What is one indication that you are a woman in your mid twenties? Anyone? Did you just say listening to podcasts on how to start investing? Yes, that is most certainly one way to show your age. If you were on season 2 of Romy (about 21 -23 years old) you might find me leaving the room, hurriedly entering a daydream, or exclaiming 'I know nothing about this stuff' when the eggplants (or Lebanese cucumbers, i'm not judging) in the room started talking about investing. I genuinely could not have given less of a s*** about taking my minimum wage earnings and turning them into a coupla hundred bucks. I didn't (still don't to a great extent) understand the jargon and I quite candidly didn't care about appearing like a confused, feebleminded, young girl. I use to think that these blokes with all their money-talk were just having a pissing contest. I mean, I still think most of them are doing that, but not as fervently as I once did.
Let's skip to the first few episodes of season 3 though, to find our young heroine is acknowledging that her fear of the scary numbers and silly vernacular is the true reason for her disengagement. Yes, a large portion of my disinterest was due to the ever-present boys-club atmosphere surrounding investing. But it was also because I was scared that it wasn't something that came easy to me - I had no concept or understanding of it, so I shut it down as unimportant. This is something called analysis paralysis (thank you Financial Feminist). Essentially a phenomenon where you feel you can't start something until you are an expert on said-thing.
I've only just started to learn about stocks, bonds, mutual funds, index funds, and ETFs, and I will likely be putting less than 100 dollars aside each week for it, but if I grant minimum-wage, clueless Romy the grace of diving into it now, then that leaves room for baller 40 year-old-Romy to be just that. Give yourself the grace to enter a boys-only space - because, honestly, a bathroom sign is just a bathroom sign and if you feel like peeing standing up, then hike that dress up. Disclaimer: don't do that, I'm 65% sure that's probably illegal.
I guess I'll relate this back to making Ramen, as for some reason, I felt the same about making Ramen from scratch as I did investing. It's not as difficult to understand when you break all the components down. It's not just for skilled men to make (although, admittedly, a homemade ramen can't beat a good ramen bar, it just can't). I'm full of contradictions here, but this bowl of noodles is delicious and you will feel as if you've unlocked a new level of your cheffing abilities so I say go for it.
1 litre Chicken stock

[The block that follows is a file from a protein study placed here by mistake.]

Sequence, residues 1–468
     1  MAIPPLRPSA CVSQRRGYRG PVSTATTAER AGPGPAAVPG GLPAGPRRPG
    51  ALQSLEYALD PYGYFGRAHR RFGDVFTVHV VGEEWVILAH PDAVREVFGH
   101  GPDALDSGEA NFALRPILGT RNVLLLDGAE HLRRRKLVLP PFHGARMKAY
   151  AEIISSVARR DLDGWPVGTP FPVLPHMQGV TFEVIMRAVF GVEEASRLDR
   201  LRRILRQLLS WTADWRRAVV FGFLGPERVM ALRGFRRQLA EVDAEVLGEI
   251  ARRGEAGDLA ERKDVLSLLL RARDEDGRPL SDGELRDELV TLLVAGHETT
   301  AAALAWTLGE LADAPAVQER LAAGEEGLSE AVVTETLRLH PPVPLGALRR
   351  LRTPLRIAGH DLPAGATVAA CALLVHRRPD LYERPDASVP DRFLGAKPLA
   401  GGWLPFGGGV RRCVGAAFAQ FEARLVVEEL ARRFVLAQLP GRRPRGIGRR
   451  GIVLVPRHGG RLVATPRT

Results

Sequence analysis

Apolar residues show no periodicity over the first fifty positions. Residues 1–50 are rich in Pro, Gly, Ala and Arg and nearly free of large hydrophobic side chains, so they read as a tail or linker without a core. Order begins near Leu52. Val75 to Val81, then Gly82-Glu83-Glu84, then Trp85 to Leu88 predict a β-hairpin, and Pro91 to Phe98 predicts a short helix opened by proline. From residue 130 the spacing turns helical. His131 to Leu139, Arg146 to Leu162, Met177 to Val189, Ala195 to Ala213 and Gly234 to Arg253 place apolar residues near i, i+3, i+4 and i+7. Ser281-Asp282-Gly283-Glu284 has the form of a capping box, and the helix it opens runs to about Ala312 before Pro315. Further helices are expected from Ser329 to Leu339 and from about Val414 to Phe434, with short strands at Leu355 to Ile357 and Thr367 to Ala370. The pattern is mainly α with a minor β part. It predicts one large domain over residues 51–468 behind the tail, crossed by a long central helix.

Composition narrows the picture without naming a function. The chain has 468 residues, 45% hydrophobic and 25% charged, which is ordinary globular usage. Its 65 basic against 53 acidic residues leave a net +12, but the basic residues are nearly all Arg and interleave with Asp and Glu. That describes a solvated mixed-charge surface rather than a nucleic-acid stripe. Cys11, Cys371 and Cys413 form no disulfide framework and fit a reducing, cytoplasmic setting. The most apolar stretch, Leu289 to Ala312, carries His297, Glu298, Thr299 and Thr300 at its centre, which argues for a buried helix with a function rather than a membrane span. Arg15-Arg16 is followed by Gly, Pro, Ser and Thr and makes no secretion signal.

1 1/2 cups of leeks, roughly sliced
1/2 cup of ginger, roughly sliced
5 Garlic cloves, ends removed or slightly smashed down
4 pieces of kombu seaweed ² (or nori sheets if you don't have kombu)
Optional: 1/2 cup dried shitake mushrooms, broken up
125g White sesame paste³
100g Toasted white sesame seeds
65g Soy sauce
50g Chilli Oil
20g Ginger, peeled & roughly chopped
10g Spring onion, roughly chopped
2 tablespoons of vegetable oil (I use rice bran oil)
400g Minced pork
1 tablespoon of garlic, minced
1 tablespoon of ginger, minced
1 spring onion, thinly sliced
36g Chilli bean sauce ⁴
160g Soy sauce
5g Chilli oil
Cooked ramen noodles
3 Ramen eggs
1 can of sweetcorn, drained
1 cup of bean sprouts
1 spring onion, thinly sliced
3 tablespoons of toasted sesame seeds
Add all of the ingredients to a large pot and bring it to the boil. Reduce the pot to a simmer and, after 30 minutes remove the Kombu. Leave to simmer for 1½ - 4 hours. Then strain the stock so that you are left with just the liquid.
Blend together all of the ingredients and set the tare aside.
Place the vegetable oil in a pan over a medium-high heat. Once hot, add the ground pork, break it up and brown it (about 3 minutes).
Add in your garlic, ginger, and spring onions. Sauté for 2 minutes.
Add in your chilli bean sauce, chilli oil, and soy sauce. Cook the mince down until really dry, then remove from the heat and set aside, ready for serving.
Place 3 - 4 tablespoons of the sesame tare at the bottom of a deep bowl. Pour your hot stock over the tare and mix it together until creamy. Taste the broth and add more stock or tare until you reach your desired flavour.
Add your cooked ramen to the soup then top it with your ground pork, ramen egg, sweetcorn, bean sprouts, spring onion, and sesame seeds.
There are so many options for making the stock. If you don't want to buy all of the ingredients just make a simple chicken stock using a stock cubes or buy chicken broth. If you want to get really funky, use the chicken bones, skin, and fat from a roast chicken!
Kombu seaweed is different from nori - it's a kelp and adds a great depth of flavour. However, if you can't find kombu seaweed you can use a few sheets of nori to give the broth a similar flavour.
You can sometimes find this at an asian supermarket or online (probably won't find it at a regular supermarket) - if you can't source this, you can either make your own by using a small food processor and blending up toasted white sesame seeds OR buying roasted unhulled tahini. I use often use this one: https://shop.countdown.co.nz/shop/productdetails?stockcode=271951.
Chili bean sauce is also known as Tobanjan or Doubanjiang. If you can't find any, you can substitute this for 18g of white miso paste and 18g of sriracha.